In september, 1885, Presbytery held its regular meeting in Shiloh church. On Sept. 11, 1885, session and congregational meetings were held and the subject of repairing the building was discussed and plans proposed. These plans were not carried out, and on Nov. 3, 1885, a meeting was held with Rev. Goff as Moderator. Elders present, A. W. Sloan, E.S. Campbell, and Dr. J. W. Penn, of Humboldt church. A meeting was called to be held on Nov. 21, 1885 to vote on moving the church. At the meeting was a written statement from W. N. Bennett, that he would donate two acres near the High Hill public school on which to build a new church. The offer was accepted and a building committee appointed, namely, the Elders of the church with A.W. Sloan as chairman. The committee to solicit funds was: James A. Sloan, George A. Campbell, W. J. Penn, Mrs. Mattie Bennett and Mrs. W.J. White. The first services were held in the new church in October, 1886 by Rev. Goff, with Rev. J. T. RothRock present.The new church was known as New Shiloh Presbyterian Church.

Ministers serving the New Shiloh church were, Revs. F. L. Goff, H. Petry, S.H. Spencer, J.G. Garth, R.I. Long, J.E. Berryhill, F.L. Allen, and J. Marion Stafford. One hundred and three members were recived into full fellowship and communion of the church while it was near High Hill school.

In the fall of 1911 and the early part of 1912 the church was moved from New Shiloh to Fruitland on the present site, a distant of about one and a half miles. The committee in charge was composed of N.W. Stewart, chairman, L.C. Cooper, R.T. Powell, and Hugh T. Bennett. The lot was purchased for 100 dollars and a contract let to M. Thompson for 500 dollars to move the building to Fruitland. Immediately after the church was moved to this site a Sunday School was organized, there was preaching on the second Sunday by Rev. J. Marion Stafford, with many additions to the church during the first year. On the night of March 20, 1913, the church building was completely demolished by a cyclone. We found that we had cyclone insurance in the amount of 800 dollars, and this enabled us to rebuild. Mr. J.E. Campbell, a former member and elder but at this time a member of the Humboldt church, was given the contract to build this, our present house of worship, being ready for the regular appointment in July, 1913.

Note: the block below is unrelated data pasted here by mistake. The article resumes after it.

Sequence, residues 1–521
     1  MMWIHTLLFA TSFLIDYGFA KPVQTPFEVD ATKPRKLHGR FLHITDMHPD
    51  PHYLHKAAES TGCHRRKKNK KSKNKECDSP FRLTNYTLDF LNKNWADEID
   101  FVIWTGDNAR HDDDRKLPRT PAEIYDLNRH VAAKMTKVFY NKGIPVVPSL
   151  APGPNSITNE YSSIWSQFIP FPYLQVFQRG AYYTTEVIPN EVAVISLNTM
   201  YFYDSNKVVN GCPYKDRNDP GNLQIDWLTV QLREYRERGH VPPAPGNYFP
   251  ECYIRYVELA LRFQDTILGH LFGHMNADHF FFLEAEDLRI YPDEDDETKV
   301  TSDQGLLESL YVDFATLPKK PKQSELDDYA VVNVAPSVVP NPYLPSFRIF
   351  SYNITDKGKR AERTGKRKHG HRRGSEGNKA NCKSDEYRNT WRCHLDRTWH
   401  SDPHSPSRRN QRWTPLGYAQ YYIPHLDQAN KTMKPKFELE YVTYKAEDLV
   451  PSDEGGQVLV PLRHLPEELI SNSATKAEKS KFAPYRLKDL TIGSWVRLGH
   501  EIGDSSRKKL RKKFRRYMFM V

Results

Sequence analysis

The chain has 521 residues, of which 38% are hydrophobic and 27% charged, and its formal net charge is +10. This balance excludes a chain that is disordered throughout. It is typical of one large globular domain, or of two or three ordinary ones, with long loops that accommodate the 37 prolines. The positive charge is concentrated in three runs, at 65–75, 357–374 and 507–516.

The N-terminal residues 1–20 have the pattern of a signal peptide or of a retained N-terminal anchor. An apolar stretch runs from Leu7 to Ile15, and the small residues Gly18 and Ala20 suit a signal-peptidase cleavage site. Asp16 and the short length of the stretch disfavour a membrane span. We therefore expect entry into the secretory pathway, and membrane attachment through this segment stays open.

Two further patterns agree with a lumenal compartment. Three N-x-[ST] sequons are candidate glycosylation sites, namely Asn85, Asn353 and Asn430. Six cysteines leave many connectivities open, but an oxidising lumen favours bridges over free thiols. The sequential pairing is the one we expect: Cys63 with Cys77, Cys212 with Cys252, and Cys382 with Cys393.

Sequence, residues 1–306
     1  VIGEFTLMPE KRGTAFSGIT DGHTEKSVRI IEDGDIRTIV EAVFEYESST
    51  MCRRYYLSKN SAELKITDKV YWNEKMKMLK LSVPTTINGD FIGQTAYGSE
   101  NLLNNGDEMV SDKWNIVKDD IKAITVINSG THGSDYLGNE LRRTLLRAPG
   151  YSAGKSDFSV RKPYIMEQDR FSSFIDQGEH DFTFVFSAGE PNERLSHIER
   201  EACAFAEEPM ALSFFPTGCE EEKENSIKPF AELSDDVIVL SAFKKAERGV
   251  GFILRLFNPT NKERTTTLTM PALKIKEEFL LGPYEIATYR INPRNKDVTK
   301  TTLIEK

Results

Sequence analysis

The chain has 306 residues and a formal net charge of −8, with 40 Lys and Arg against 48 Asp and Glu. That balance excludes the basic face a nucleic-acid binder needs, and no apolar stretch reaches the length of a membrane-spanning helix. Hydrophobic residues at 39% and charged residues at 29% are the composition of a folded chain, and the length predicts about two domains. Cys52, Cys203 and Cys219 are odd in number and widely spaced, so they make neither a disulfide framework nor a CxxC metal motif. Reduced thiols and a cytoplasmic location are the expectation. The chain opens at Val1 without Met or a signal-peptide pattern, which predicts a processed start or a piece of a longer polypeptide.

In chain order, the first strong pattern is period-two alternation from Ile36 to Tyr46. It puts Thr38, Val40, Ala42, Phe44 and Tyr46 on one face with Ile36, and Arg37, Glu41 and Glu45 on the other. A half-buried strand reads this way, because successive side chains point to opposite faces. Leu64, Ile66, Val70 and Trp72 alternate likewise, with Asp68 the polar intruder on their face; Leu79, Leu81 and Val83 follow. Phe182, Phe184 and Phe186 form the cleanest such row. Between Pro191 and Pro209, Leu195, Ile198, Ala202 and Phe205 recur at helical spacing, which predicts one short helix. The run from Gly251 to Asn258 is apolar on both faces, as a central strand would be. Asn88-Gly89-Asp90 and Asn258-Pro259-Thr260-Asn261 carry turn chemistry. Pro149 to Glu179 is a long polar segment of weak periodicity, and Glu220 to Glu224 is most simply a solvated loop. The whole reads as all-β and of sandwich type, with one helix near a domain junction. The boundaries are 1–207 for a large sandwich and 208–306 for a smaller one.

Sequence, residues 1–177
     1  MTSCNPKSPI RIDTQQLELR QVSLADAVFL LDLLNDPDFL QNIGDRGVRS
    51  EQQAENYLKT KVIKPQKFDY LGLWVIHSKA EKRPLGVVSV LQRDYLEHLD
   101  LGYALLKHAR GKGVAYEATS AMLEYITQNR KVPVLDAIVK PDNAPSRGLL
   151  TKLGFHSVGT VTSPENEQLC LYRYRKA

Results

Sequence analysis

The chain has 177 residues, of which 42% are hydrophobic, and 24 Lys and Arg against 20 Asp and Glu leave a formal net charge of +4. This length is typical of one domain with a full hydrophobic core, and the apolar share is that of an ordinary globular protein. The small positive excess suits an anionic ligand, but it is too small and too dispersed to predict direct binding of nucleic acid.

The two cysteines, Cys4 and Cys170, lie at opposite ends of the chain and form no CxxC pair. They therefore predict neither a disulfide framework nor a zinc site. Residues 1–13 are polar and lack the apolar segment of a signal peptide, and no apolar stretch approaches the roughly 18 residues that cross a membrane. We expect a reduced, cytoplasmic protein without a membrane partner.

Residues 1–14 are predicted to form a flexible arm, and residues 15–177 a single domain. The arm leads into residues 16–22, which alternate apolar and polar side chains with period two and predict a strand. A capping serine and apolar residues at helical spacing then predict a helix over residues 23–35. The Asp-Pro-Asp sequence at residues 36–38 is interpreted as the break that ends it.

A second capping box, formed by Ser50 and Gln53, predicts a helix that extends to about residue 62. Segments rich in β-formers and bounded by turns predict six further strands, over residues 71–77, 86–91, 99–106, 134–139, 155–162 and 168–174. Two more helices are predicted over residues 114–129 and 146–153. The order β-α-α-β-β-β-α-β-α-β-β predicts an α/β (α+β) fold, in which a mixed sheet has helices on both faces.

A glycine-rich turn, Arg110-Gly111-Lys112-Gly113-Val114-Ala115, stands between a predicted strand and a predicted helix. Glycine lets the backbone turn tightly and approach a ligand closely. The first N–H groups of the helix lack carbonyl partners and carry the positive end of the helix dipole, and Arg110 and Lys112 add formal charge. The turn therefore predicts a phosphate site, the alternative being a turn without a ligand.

Ministers serving this church are, Revs. J. Marion Stafford, F.G. Mason, E.S. Brainard, A.E. Grover, and W. E. Powell. One Hundred and eight members have been received into full fellowship and communion of the church at this location. Elders serving since 1886 are; J.D. Carne, A.W. Sloan, E. S. Campbell, W.P. Barnett, J.E. Campbell, W.J. Penn, A.C. McLeary, W.N. Bennett, N.W. Stewart, G.A. Campbell, W.L. Hassell, J.T. Stewart, T.F. Campbell, Hugh T. Bennett, R.T. Powell, W.A. Cooley, and Chester Penn.

This is complete to the 23rd day of October, 1925.

 

Ministers serving the church from 1925; Revs. W. E. Powell, William Orr, W.F. Patch, W. E. Powell, J.C. Hines, R.W. Hudson, Joe C. Gardner, and Glenn A. Williams. Elders ordained since 1925: L.W. Wood, J.M. Mathews, Lon B. Lett, and Claude Hicks, Sr.

Deacons ordained since 1889: George A. Campbell, W.N. Bennett, T.F. Campbell, Chester Penn, Hugh T. Bennett, Robert T. Powell, James T. Stewart, L.C. Cooper, Joe Lett, Ralph Powell, W. E. Powell, Walter Cooley, C.H. Lewis, Lon B. Lett, I.K. Hardison, Hugh T. Bennett, Jr., Grady Cooley, Roderic Hardison, Clayton Powell, Jerry Hardison, Fred Payne, Johnny Mathews, and Cordie Reeves.

This is to December 10, 1949.

*This church was thought to be the oldest church in Gibson County.  On June 23, 2015, a lightning strike caught the church on fire and it burned almost to the ground.  The remaining congregation of about 8 people held their last service on the church grounds on Sunday, June 28, 2015, disbanding the oldest church in the area.